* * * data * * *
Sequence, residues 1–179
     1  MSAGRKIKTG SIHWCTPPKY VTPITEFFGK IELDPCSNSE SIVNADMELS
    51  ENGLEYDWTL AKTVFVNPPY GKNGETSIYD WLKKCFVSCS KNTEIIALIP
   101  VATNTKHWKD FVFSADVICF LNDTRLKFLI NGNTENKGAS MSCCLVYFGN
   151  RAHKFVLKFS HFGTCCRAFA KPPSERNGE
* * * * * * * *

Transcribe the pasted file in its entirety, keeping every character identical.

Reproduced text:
Sequence, residues 1–179
     1  MSAGRKIKTG SIHWCTPPKY VTPITEFFGK IELDPCSNSE SIVNADMELS
    51  ENGLEYDWTL AKTVFVNPPY GKNGETSIYD WLKKCFVSCS KNTEIIALIP
   101  VATNTKHWKD FVFSADVICF LNDTRLKFLI NGNTENKGAS MSCCLVYFGN
   151  RAHKFVLKFS HFGTCCRAFA KPPSERNGE